'Black In Space' Explores NASA's Small Steps And Giant Leaps Toward Equality

Mar 1, 2020
Originally published on March 2, 2020 11:42 am

For many Americans, the first moon landing remains the most memorable moment in the history of manned space travel.

It was a high-water mark in the space race, but as the United States and Soviet Union were rushing to prove their dominance, a lesser known chapter in that battle was taking place: America's effort to send a black man into space.

Black in Space: Breaking the Color Barrier, a new documentary on the Smithsonian Channel, brings light to the groundbreaking moment that almost came to be during the heights of the civil rights movement.

The film centers on the story of Ed Dwight, who in the early 1960s was on his way to becoming the first African American astronaut. In 1962, the Kennedy administration named Dwight, an Air Force pilot at the time, as the first African American astronaut trainee.

The selection was made after an emphatic pitch from broadcast journalist Edward R. Murrow. President John F. Kennedy tasked Murrow, appointed as the head of the United States Information Agency, with strengthening the country's image abroad.

As the civil rights movement was gaining ground, the U.S. was still largely segregated. But Murrow's proposal to NASA to put the first man of color in space was his diplomatic appeal to the majority "non-white world," as The New York Times noted:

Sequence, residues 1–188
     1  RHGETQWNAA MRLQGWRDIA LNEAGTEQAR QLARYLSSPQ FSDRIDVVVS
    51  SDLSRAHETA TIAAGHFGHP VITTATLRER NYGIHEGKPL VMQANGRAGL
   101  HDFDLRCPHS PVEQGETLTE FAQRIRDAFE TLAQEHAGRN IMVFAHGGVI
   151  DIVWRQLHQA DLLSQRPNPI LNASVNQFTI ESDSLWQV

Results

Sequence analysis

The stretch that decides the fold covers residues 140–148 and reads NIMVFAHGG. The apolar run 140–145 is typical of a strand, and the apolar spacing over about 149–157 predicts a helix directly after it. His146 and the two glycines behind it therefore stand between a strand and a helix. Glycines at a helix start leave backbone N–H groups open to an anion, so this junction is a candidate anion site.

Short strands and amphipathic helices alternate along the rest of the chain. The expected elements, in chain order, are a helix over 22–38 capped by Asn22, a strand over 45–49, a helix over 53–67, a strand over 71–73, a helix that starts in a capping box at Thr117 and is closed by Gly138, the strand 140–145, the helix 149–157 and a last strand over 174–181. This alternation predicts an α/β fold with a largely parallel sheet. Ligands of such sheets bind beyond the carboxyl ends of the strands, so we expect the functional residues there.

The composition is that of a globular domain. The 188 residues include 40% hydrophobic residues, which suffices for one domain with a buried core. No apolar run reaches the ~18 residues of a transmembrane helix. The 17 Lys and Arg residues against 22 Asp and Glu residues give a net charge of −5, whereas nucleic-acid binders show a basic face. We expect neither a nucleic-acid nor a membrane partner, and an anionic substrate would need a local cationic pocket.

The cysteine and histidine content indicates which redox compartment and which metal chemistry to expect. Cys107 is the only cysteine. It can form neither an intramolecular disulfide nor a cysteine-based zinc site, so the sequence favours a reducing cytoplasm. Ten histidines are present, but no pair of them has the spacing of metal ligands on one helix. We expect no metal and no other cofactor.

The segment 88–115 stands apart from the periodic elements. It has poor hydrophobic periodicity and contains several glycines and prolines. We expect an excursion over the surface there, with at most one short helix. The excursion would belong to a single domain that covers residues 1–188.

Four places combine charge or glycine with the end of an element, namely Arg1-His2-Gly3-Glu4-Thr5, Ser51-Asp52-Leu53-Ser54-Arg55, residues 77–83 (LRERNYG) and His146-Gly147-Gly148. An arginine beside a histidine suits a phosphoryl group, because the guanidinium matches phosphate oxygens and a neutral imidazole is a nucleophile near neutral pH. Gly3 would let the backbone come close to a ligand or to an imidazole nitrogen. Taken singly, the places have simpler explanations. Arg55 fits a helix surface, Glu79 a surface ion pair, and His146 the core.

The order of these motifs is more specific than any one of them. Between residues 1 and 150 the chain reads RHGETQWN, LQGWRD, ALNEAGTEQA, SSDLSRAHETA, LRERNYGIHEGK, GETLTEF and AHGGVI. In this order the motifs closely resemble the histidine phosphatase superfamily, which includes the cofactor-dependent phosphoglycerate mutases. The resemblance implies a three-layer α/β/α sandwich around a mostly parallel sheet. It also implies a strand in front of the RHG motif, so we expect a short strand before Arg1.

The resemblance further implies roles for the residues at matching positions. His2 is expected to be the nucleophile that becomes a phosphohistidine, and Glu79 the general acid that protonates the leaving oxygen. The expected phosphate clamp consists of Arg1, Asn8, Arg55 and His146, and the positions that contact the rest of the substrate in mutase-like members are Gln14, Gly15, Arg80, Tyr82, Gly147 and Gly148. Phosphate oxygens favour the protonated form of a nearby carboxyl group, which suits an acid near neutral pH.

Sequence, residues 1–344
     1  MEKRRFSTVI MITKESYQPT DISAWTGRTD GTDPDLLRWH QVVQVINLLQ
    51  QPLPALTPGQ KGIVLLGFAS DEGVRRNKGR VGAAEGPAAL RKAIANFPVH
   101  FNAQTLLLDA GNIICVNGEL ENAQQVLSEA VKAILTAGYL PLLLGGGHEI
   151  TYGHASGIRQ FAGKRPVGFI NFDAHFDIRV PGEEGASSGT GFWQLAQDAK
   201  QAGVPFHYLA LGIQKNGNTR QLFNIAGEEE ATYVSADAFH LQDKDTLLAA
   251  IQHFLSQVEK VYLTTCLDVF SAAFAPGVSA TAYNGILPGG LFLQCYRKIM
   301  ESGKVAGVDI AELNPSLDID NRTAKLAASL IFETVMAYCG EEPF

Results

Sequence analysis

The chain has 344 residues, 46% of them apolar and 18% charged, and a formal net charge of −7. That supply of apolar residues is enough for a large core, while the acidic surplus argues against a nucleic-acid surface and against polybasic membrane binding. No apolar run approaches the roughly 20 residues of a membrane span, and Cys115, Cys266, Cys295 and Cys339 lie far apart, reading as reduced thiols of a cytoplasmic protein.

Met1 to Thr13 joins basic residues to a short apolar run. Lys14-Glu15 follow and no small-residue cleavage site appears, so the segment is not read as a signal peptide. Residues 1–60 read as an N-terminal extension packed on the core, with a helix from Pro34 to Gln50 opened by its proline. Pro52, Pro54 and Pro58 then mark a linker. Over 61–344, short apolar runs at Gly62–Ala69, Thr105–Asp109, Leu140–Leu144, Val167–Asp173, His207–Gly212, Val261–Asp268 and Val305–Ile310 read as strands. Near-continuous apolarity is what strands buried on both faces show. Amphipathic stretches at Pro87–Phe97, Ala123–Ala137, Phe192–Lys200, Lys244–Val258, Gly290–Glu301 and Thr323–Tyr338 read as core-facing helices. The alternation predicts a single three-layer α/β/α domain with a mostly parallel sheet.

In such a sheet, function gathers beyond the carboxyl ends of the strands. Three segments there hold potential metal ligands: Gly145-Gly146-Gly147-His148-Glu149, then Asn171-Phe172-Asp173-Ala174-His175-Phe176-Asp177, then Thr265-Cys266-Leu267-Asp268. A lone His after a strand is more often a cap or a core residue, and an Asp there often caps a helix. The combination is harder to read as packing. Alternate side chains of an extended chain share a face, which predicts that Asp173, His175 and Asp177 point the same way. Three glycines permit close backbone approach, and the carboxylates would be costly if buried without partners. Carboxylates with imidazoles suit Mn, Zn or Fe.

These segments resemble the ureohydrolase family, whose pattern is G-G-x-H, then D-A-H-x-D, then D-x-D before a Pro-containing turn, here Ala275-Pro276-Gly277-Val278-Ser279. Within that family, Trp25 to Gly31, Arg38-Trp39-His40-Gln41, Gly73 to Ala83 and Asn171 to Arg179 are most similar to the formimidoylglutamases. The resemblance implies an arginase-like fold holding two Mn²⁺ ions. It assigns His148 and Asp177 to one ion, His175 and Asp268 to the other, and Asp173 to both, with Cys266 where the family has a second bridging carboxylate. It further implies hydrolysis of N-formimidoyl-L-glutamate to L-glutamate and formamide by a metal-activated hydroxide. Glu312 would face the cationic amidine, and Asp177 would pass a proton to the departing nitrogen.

"Why don't we put the first non-white man in space?" Murrow wrote to NASA's administrator. "If your boys were to enroll and train a qualified Negro and then fly him in whatever vehicle is available, we could retell our whole space effort to the whole non-white world, which is most of it."

In his 2009 memoir, Soaring on the Wings of a Dream, Dwight details his experiences with discrimination from classmates and superiors during the astronaut training program.

When President John F. Kennedy was assassinated in November 1963, Dwight lost his most important ally, and his dreams to reach space came to an end. He was soon reassigned from astronaut training to unrelated Air Force projects.

"It really is disappointing that he did not fly and was not a part of the Apollo experience," Robert Satcher, a black astronaut who went to space in 2009, tells NPR's All Things Considered. "It would've been fantastic if we saw Ed Dwight walking on the moon."

For years, Dwight's story was largely forgotten. Satcher himself says he didn't know about that chapter of NASA's history until he worked there.

"Although there's a lot to be proud of at NASA, I think it's one of those chapters that is consistent with a lot of other disappointments that African Americans have experienced in this country," he says.

It wasn't until 1983 that Guion Bluford Jr. would become the first African American to travel in space. And nearly three decades after Neil Armstrong and Buzz Aldrin landed on the moon, a black astronaut, Bernard Anthony Harris Jr., was the first African American to perform a spacewalk in 1995.

Satcher says NASA's early struggles to integrate its force has put American scientific discovery behind.

"If we're gonna be at our best in bringing all the best minds to bear on this incredibly difficult problem, which is deep space exploration, then everybody needs to be included," he says.

"You never know where the next Einstein, genius, whoever, is gonna come from. Maybe we haven't discovered some discovery that we could've made because of denying some kid an opportunity just because of how they look."